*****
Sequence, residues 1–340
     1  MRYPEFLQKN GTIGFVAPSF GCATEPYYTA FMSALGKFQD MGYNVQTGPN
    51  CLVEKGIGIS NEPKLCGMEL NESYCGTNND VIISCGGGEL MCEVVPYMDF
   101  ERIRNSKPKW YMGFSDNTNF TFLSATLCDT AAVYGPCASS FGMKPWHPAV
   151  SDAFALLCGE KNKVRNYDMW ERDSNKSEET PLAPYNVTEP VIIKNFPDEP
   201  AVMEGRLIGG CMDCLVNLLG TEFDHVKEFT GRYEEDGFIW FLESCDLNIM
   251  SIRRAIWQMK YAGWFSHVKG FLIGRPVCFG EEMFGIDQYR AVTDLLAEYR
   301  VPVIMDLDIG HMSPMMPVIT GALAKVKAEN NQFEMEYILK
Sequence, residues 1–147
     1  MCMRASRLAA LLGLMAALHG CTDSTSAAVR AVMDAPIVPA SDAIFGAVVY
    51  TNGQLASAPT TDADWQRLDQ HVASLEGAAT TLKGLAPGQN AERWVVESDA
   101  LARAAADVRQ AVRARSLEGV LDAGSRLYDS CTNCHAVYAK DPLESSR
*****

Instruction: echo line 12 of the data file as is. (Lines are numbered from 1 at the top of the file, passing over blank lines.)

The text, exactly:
   101  LARAAADVRQ AVRARSLEGV LDAGSRLYDS CTNCHAVYAK DPLESSR